The French Connection (1971)

One of the difficult parts of watching older films is that you inevitably find things that seem overplayed or cliché, but you can’t tell whether that was the case at the time or if its techniques were novel.  For example, if you were to picture a car chase scene in a movie, one of the things you might recall being a common trope is the “woman with baby stroller narrowly avoids getting hit by out-of-control car in chase.”  But was this new at the time, or already a joke by 1971?

The other thing about a film like this is that you’re not really sure whether the anti-hero trope is yet overplayed.  These days, you can’t shake a stick without thwacking an anti-hero (who will probably thwack you back in response to your thwacking), and I suspect the early 70s wasn’t too early to catch the cynicism and ethical grayness that brings out the average anti-hero.  And as much as I love me a good ol’ anti-hero, I’m a little underwhelmed by Popeye Doyle’s tough guy persona in this film.  I suppose it’s just a personal preference thing – to me, anti-heroes are only interesting when you get a sense of what drives a character to make the decisions he makes.  I don’t really get that sense of interiority here; I don’t understand what drives Popeye, which ultimately makes him not very sympathetic to me.  Especially when you take into account the body count in this film, much of them thanks to Popeye himself.

The French Connection, according to Wikipedia, was apparently a common term for a certain period when heroin was smuggled into the U.S. from Turkey and beyond via France.  I wasn’t familiar with that, so this little chapter on the War on Drugs was something new.  Given that most of the country (and perhaps beyond) is in the midst of an opioid crisis, it’s interesting how timely this feels.  Yet also simplistic.  There’s a sense of the stakes here – admittedly ramped up for the sake of the movie – that suggests how much of an impact this one drug bust will prove.  Popeye and his unit break out all the stops to catch this one dealer, and there’s a genuine feel that this will truly have an impact on the addicted guys hanging out in the bar waiting for their next fix.  We don’t see that there’s another shipment right behind it.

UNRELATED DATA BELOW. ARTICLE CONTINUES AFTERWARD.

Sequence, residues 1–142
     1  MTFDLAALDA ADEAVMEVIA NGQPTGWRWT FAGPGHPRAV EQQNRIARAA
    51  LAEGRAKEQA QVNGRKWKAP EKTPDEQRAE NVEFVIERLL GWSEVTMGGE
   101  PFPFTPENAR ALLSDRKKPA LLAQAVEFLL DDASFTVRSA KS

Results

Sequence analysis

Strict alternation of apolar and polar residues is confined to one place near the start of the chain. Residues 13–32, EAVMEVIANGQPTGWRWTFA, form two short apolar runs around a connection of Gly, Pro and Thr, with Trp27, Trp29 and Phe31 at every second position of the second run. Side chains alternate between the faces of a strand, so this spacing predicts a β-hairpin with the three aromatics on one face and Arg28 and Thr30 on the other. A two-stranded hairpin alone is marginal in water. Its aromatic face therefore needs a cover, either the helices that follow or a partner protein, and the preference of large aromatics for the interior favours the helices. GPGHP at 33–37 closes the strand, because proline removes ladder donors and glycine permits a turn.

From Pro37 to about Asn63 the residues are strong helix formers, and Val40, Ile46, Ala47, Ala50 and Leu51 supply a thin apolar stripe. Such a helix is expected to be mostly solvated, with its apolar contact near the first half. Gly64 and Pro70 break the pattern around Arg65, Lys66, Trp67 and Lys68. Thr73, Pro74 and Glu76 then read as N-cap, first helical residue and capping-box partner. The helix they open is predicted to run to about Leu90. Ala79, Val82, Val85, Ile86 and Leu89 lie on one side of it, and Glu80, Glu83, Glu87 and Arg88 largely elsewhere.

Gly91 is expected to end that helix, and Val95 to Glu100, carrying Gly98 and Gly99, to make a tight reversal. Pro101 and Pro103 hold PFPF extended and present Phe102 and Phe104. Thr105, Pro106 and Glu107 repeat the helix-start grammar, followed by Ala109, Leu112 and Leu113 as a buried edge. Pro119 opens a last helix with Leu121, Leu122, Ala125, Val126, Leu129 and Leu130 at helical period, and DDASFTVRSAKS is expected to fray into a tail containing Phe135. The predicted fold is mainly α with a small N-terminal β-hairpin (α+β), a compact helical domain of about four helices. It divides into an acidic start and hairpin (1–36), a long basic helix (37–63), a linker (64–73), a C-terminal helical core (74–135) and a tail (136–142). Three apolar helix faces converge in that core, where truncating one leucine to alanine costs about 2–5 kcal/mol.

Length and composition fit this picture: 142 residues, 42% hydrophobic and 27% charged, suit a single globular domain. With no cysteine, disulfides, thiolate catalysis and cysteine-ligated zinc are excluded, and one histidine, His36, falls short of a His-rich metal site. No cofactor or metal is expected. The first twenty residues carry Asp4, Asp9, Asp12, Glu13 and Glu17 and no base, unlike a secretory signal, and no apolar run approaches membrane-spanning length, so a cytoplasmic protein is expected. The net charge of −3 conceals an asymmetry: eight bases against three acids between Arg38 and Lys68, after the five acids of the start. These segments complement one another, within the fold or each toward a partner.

Too cynical a view, perhaps?  Well, don’t blame me.  I’m just rolling with the bleak outlook these kinds of film demand.

I’ll be honest:  I was kind of expecting to enjoy this more than I did.  I figured that it would be more plot driven and exciting than the typical Best Picture biopic, that it might be wittier or more of a mystery than a straight up thriller.  And to be fair, I watched it while a bit distracted by other things, so there were some moments when I’m sure I missed something.  Either that, or I just suck at following storylines.  Instead, I found it kind of ponderous in parts, occasionally hard-to-follow, and without a sense of character that I find in more recent films (or, for that matter, books).  It also didn’t surprise me.  When somebody, a “good guy,” was shot near the end, I thought for a moment that he was actually playing for the bad guys, but that would be too surprising a twist, I guess.  Instead, we watch another good guy make questionable decisions and try to convince ourselves that he’s still the hero.


Theme:  undercover

First Time Watching?  Yes

Final Verdict:  I’m picking my feet in Poughkeepsie.


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